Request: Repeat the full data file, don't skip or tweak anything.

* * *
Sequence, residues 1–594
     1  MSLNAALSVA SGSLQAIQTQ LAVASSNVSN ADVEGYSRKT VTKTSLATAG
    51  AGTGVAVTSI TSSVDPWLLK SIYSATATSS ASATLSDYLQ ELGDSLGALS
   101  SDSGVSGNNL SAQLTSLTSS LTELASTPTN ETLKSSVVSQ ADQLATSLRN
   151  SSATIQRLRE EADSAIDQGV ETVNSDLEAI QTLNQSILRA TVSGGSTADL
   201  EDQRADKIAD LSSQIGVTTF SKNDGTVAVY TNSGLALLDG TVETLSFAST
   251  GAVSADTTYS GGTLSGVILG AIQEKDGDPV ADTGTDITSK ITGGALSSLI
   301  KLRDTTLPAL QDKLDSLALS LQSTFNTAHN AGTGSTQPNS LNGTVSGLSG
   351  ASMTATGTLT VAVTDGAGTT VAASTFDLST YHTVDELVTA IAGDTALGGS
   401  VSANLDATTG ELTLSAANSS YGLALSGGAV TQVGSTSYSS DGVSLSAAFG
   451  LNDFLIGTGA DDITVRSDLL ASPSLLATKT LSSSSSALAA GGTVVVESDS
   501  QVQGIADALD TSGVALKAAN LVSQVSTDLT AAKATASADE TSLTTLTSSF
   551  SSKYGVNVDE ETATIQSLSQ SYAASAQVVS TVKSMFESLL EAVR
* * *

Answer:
Sequence, residues 1–594
     1  MSLNAALSVA SGSLQAIQTQ LAVASSNVSN ADVEGYSRKT VTKTSLATAG
    51  AGTGVAVTSI TSSVDPWLLK SIYSATATSS ASATLSDYLQ ELGDSLGALS
   101  SDSGVSGNNL SAQLTSLTSS LTELASTPTN ETLKSSVVSQ ADQLATSLRN
   151  SSATIQRLRE EADSAIDQGV ETVNSDLEAI QTLNQSILRA TVSGGSTADL
   201  EDQRADKIAD LSSQIGVTTF SKNDGTVAVY TNSGLALLDG TVETLSFAST
   251  GAVSADTTYS GGTLSGVILG AIQEKDGDPV ADTGTDITSK ITGGALSSLI
   301  KLRDTTLPAL QDKLDSLALS LQSTFNTAHN AGTGSTQPNS LNGTVSGLSG
   351  ASMTATGTLT VAVTDGAGTT VAASTFDLST YHTVDELVTA IAGDTALGGS
   401  VSANLDATTG ELTLSAANSS YGLALSGGAV TQVGSTSYSS DGVSLSAAFG
   451  LNDFLIGTGA DDITVRSDLL ASPSLLATKT LSSSSSALAA GGTVVVESDS
   501  QVQGIADALD TSGVALKAAN LVSQVSTDLT AAKATASADE TSLTTLTSSF
   551  SSKYGVNVDE ETATIQSLSQ SYAASAQVVS TVKSMFESLL EAVR